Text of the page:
maryloucanessaMary Lou Canessa Scholarship Fund

One never knows how he/she is remembered until there is a person who signals us out to others. The Allegany County Area Foundation received an anonymous gift to establish a scholarship in memory of Marylou Canessa. This gift provides a $500.00 a year award to a unique Wellsville student who intends to pursue a college education. The donor remembers Ms. Canessa as a person who changed his life and started him on a journey that without her influences; he may never have taken. This “bridge to the future” inspired him to go to college and become successful in his chosen career. The Foundation was able to write this piece with the help of Connie Synakowski, former principal of Wellsville High School who contacted others; who put us in touch with Michele Bewley, Ms. Canessa’s niece. She provided the biographical information and the photo.

On November 24, 1912 the town of Wellsville NY’s population of approximately 5,700 grew by one when Mary Louise Walther was born at home on East Dyke Street to John R. and Catherine E. Walther. She was the eldest of three sisters, the other two being Beverly and Joan. Marylou went to Immaculate Conception and was the valedictorian of the graduating class of 1930 at Wellsville High School. She was the recipient of a New York State scholarship for her four years of college.

Marylou was always an excellent student and well-rounded in her interests, playing piano and the winner of a number of local art contests. She went on to study French and Latin at the State Teacher’s College in Albany and received her Bachelor’s degree in 1934. She completed graduate work at Temple University in Philadelphia and attended Alfred University for her guidance counseling studies. Shortly before the outbreak of World War II she travelled abroad in order to supplement her language studies, sailing on the Queen Mary.

In 1934, shortly before her college graduation, Marylou received a postcard from her mother. The card depicted Wellsville High School and read: “Lest Ye Forget – Enter to Learn, Go Forth to Serve.” It was never a question that Marylou would return home to Wellsville to begin her teaching career. Upon her graduation she was appointed Wellsville High School’s French teacher and later in 1967, the school’s guidance counselor.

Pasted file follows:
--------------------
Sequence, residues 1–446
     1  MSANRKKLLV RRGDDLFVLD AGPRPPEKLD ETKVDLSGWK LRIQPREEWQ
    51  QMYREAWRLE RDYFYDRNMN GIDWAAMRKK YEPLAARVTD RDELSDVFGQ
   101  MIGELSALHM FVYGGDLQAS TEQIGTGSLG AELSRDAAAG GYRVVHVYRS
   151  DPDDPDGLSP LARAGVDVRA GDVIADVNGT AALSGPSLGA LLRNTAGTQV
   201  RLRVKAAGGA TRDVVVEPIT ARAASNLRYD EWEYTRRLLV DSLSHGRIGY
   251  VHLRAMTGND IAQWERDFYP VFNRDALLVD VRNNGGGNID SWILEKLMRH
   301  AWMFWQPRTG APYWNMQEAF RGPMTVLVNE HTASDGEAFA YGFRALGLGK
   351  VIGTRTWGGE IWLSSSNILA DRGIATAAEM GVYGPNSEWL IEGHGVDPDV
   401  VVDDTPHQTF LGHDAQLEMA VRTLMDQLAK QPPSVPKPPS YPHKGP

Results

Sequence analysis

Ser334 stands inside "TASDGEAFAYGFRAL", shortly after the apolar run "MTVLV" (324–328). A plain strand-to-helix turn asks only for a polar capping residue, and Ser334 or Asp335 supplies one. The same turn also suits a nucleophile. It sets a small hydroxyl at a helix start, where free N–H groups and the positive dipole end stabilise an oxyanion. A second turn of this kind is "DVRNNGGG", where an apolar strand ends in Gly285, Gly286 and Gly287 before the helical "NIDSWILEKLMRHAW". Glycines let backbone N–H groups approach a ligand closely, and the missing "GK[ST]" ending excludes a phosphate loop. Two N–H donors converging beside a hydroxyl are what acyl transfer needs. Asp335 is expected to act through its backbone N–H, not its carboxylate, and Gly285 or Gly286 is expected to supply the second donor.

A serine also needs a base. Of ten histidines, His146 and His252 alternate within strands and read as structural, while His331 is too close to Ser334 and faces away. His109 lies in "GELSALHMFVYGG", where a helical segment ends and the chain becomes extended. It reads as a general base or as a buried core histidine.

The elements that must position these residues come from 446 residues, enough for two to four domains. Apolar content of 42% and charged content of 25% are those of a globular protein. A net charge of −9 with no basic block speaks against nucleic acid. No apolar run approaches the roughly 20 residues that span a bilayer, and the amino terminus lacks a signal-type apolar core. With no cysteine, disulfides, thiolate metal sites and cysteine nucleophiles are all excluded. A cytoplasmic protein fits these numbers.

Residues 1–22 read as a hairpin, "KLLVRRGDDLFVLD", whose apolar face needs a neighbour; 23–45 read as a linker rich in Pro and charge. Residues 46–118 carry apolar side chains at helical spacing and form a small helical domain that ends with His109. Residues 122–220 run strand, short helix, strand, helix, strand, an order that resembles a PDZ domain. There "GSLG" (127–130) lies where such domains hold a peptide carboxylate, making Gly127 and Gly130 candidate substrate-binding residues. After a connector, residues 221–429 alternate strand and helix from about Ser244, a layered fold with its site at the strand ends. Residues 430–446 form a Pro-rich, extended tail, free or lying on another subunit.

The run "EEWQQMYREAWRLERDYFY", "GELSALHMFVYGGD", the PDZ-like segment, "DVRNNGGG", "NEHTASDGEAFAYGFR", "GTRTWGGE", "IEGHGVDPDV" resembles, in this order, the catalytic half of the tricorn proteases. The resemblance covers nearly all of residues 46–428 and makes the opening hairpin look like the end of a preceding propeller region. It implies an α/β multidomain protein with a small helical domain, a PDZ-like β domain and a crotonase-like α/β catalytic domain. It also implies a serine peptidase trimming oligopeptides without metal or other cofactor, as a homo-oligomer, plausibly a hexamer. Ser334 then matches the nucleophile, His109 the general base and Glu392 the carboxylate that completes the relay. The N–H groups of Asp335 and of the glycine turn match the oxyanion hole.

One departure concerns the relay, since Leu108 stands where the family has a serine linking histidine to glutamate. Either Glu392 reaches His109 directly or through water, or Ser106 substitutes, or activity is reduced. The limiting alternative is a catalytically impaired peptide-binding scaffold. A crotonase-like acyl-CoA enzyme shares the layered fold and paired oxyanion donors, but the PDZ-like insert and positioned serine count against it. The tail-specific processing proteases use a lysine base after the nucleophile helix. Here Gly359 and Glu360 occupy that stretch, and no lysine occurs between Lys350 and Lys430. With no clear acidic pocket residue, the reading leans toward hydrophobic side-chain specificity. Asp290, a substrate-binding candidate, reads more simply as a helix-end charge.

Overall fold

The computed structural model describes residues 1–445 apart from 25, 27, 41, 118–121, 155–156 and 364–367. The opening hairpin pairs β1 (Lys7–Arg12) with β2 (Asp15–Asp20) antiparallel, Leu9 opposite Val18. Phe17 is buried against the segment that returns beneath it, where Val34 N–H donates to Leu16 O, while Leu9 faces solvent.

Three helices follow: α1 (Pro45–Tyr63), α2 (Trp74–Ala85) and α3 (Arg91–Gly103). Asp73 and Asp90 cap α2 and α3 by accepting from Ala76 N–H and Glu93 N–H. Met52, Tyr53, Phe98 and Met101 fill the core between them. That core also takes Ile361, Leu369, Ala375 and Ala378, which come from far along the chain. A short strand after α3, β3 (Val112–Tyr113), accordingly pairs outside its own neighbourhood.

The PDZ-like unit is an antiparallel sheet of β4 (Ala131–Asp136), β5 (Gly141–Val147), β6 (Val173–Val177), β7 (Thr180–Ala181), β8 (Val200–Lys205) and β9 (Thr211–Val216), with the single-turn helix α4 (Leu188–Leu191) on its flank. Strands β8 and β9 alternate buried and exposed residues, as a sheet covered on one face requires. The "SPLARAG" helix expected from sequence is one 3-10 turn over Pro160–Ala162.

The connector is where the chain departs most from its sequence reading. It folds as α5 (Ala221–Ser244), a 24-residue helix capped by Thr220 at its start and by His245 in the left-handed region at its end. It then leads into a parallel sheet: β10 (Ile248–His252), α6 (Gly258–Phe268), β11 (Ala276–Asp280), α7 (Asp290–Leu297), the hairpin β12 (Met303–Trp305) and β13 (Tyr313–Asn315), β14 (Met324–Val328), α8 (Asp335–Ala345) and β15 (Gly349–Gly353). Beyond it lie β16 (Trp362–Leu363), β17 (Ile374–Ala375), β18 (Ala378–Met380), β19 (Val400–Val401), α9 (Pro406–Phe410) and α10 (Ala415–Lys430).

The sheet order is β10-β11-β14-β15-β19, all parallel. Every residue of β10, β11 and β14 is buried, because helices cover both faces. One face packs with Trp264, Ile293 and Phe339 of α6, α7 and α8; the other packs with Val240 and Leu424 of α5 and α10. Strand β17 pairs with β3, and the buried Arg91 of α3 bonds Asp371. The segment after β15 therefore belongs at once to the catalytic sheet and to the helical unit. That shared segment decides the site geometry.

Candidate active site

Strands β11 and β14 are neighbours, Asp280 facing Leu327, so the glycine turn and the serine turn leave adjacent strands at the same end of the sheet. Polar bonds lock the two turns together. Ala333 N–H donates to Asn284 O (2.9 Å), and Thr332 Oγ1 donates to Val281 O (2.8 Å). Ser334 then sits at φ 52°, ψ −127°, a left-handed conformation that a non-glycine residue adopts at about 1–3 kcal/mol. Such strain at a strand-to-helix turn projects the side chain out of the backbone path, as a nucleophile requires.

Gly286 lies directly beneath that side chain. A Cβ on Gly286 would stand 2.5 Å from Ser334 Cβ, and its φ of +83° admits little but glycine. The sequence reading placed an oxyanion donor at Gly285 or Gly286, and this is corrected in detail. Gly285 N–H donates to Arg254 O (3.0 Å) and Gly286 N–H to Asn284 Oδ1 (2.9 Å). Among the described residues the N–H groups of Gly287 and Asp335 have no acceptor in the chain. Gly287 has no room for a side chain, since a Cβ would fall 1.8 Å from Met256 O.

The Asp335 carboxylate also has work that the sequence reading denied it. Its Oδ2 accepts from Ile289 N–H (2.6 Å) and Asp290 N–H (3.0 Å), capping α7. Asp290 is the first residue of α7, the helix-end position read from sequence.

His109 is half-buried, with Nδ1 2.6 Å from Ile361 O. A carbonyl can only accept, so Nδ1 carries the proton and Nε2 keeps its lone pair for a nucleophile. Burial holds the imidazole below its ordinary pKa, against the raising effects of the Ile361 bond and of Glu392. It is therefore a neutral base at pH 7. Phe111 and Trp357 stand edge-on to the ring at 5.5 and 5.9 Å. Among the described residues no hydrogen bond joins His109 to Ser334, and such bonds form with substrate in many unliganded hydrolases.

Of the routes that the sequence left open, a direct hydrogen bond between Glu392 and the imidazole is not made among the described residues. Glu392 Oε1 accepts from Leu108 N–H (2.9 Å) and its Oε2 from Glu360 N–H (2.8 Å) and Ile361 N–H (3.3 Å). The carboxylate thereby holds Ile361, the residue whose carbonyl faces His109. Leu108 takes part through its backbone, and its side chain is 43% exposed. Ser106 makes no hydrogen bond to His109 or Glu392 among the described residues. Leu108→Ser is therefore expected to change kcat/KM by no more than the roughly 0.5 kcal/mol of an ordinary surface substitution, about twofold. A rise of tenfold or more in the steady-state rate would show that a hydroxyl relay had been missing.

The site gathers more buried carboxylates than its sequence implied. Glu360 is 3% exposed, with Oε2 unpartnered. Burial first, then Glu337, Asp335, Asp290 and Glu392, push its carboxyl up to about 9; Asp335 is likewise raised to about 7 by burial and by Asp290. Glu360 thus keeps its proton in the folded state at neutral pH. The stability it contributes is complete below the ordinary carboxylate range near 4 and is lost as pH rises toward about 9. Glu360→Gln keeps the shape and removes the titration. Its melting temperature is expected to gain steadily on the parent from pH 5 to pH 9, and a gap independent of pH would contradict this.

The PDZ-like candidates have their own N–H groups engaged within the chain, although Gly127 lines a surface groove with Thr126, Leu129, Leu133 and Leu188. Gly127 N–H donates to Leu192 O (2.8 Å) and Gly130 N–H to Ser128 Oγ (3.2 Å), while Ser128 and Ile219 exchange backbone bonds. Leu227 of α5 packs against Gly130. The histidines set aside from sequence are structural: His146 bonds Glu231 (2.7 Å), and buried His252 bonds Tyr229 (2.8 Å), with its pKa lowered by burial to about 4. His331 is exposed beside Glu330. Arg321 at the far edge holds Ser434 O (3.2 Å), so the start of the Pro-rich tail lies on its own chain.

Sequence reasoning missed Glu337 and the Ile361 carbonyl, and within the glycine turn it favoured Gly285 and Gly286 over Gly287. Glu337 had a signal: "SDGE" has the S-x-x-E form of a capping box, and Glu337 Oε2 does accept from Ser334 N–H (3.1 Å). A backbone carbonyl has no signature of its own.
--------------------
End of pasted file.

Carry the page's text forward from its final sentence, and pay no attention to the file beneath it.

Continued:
Albany held more than academics for Marylou for it was there she met Paul S. Canessa, a young man from Adams, Massachusetts who was studying electrical technology at Rensselear Polytechnic Institute. He went on to teach at Alfred University. They married August 3, 1942 at Immaculate Conception church. She and Paul were virtually inseparable and happily married for almost 58 years. Paul and Marylou never had children but had many pets and were ardent supporters of the SPCA.

Marylou and Paul lived in Wellsville, briefly on Maple Street, then on Miller Street, and eventually on Johnson Street. Marylou fractured her spine when she slipped in mud left in her Miller Street home from the infamous Wellsville flood of 1972. This injury precipitated her retirement in 1973 after more than 38 years of service to Wellsville High School. Marylou and Paul continued to live their summers in Wellsville but also maintained a residence in Clearwater, Florida where they lived during the winter months.

Marylou had a number of hobbies at which she excelled. These included collecting a large number of Hummel figurines, painting china and oil painting, and conducting genealogical research. In 1983 she was named regent of the Catherine Schuyler chapter of the Daughters of the American Revolution, and she belonged to many other organizations. These included the Delta Kappa Gamma, a teacher’s honor society, the American Association of University Women, and the Wellsville Educators Association. She also had the distinction of being the first female member of the Allegany County Counselors Association. Along with the D.A.R., community groups in which she participated until her death included the Monday Club, the Evergreen Twig of Jones Memorial Hospital Auxiliary, and the Immaculate Conception’s Altar and Rosary Society.

Marylou was diagnosed with cancer, like her father and two siblings who predeceased her. After a hard fought battle, Marylou succumbed to the disease January 14, 2000 at the age of 87.